I am not eating hot-dog ever again, I think you shouldn’t, too!

I believe everybody loves hotdogs. It’s the favorite snack for picnics, movies, and parties. We all love it with cheese, or with ketchup. We all love it fried, or grilled. Kids root for it, even us adults, we love it. We blend it with many of our cookings. We use it in spaghettis, pasta recipes, and many other major dishes. But, hotdogs are said to be risky.

According to a Los Angeles Times article:

Children who eat more than 12 hot dogs per month have nine times the normal risk of developing childhood leukemia, a USC epidemiologist has reported in a cancer research journal. Two other reports in the same issue of Cancer Causes and Control suggest that children born to mothers who eat at least one hot dog per week during pregnancy have double the normal risk of developing brain tumors, as do children whose fathers ate hot dogs before conception.

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Here’s what wrong with hotdogs…

Hotdogs that contains nitrite additives are risky. Nitrite additives are carcinogens, thus they might cause cancer.

Three different studies have come out in the past year, finding that the consumption of hot dogs can be a risk factor for childhood cancer.

A study found that children eating more than 12 hot dogs per month have nine times the normal risk of developing childhood leukaemia. A strong risk for childhood leukemia also existed for those children whose fathers’ intake of hot dogs was 12 or more per month.

Researchers Sarusua and Savitz studied childhood cancer cases in Denver and found that children born to mothers who consumed hot dogs one or more times per week during pregnancy has approximately double the risk of developing brain tumors. Children who ate hot dogs one or more times per week were also at higher risk of brain cancer.

Bunin et al, also found that maternal consumption of hot dogs during pregnancy was associated with an excess risk of childhood brain tumors.

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So, how do hotdogs cause cancer?

Hotdogs manufacturers include nitrites as a preservative to combat botulism (or food poisoning caused by a bacterium (botulinum) growing on improperly sterilized canned meats and other preserved foods.). During the cooking process, nitrites combine with amines naturally present in the meat to form carcinogenic N-nitroso compounds. It is suspected that nitrites can combine with amines in the human stomach to form N-nitroso compounds. These compounds are known carcinogens and have been associated with cancer of the oral cavity, urinary bladder, esophagus, stomach and brain.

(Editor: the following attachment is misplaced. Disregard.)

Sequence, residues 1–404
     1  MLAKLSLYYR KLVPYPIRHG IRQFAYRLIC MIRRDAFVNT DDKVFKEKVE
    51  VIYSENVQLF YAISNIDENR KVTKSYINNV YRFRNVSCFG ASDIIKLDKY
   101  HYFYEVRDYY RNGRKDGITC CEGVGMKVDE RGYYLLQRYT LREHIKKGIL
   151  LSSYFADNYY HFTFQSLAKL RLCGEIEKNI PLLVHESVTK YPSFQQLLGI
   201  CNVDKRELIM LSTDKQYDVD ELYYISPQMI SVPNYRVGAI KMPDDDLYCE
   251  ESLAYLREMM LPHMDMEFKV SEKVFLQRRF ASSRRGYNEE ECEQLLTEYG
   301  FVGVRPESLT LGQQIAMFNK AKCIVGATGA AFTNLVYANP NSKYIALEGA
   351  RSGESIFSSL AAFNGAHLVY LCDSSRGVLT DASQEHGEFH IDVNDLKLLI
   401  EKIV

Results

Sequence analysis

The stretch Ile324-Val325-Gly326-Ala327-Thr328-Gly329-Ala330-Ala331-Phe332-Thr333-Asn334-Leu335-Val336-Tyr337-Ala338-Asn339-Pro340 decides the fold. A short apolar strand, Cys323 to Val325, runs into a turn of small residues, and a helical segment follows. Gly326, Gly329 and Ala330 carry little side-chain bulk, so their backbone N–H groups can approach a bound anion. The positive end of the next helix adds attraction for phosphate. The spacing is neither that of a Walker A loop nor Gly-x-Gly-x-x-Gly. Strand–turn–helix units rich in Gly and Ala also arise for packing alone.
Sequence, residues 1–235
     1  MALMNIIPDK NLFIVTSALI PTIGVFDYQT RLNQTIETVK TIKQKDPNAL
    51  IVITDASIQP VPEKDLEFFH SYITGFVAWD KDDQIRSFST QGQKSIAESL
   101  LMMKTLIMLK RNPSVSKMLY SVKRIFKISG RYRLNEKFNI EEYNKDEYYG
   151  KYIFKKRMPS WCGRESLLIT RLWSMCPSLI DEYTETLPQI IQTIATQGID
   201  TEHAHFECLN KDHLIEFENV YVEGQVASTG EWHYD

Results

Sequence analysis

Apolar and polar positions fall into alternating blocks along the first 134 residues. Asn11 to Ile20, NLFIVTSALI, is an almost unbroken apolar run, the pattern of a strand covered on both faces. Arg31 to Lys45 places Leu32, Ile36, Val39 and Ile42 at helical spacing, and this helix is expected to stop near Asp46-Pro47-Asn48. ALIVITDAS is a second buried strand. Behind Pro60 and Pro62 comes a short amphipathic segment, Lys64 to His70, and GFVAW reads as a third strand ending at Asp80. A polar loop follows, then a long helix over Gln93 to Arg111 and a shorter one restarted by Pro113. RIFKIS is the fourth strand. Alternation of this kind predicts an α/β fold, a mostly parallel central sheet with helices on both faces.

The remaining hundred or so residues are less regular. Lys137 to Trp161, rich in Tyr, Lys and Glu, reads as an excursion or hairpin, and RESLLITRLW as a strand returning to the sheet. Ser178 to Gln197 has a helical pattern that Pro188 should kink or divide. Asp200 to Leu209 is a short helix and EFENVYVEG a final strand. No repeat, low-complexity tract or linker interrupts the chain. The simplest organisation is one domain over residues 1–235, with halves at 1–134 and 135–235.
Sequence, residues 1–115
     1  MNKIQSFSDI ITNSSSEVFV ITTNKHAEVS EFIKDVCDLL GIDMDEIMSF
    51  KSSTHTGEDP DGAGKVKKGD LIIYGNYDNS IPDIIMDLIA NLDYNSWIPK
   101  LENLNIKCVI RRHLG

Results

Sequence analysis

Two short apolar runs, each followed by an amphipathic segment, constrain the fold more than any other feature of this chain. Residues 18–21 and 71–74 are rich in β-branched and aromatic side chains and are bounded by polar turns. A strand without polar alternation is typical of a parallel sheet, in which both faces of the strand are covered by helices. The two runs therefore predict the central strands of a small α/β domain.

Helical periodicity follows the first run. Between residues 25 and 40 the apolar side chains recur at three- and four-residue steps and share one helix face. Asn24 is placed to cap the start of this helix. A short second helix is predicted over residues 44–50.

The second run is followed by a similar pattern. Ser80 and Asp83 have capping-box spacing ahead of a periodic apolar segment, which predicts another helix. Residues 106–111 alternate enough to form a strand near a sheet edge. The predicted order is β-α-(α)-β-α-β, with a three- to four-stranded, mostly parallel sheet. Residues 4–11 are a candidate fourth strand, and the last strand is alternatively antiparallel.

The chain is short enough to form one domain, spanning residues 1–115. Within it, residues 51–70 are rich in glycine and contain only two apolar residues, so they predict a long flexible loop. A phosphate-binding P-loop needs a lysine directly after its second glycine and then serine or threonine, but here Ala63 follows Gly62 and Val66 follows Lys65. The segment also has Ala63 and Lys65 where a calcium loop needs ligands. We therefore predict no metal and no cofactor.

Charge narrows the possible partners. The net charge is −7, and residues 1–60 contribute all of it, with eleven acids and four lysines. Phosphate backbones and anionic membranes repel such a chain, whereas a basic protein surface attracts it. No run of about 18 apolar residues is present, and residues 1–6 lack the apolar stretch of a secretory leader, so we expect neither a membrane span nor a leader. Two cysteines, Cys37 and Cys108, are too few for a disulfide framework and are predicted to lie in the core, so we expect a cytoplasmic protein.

But… but.. vegetables contain nitrites, too, so they are cancerous, too?

It is true that nitrites are commonly found in many green vegetables, especially spinach, celery and green lettuce. However, the consumption of vegetables appears to be effective in reducing the risk of cancer. How is this possible? The explanation lies in the formation of N-nitroso compounds from nitrites and amines. Nitrite containing vegetables also have Vitamin C and D, which serve to inhibit the formation of N-nitroso compounds. Consequently, vegetables are quite safe and healthy, and serve to reduce your cancer risk.

All cured meat have nitrites. But not all hotdogs in the market have nitrites. Modern refrigeration methods have made it possible for hotdogs to be made without nitrites. Commonly, nitrite is used for the red color nitrites produce (red is associated with freshness) and not for purposes of preservation. Hotdogs without nitrites have brownish color instead of red, but tastes the same as hotdogs with nitrite (but are less popular than nitrite hotdogs).


Peters J, et al ” Processed meats and risk of childhood leukemia (California, USA)” Cancer Causes & Control 5: 195-202, 1994.
Sarasua S, Savitz D. ” Cured and broiled meat consumption in relation to childhood cancer: Denver, Colorado (United States),” Cancer Causes & Control 5:141-8, 1994.
Bunin GR, et al. “Maternal diet and risk of astrocytic glioma in children: a report from the children’s cancer group (United States and Canada),” Cancer Causes & Control 5:177-87, 1994.
Lijinsky W, Epstein, S. “Nitrosamines as environmental carcinogens,” Nature 225 (5227): 2112, 1970.


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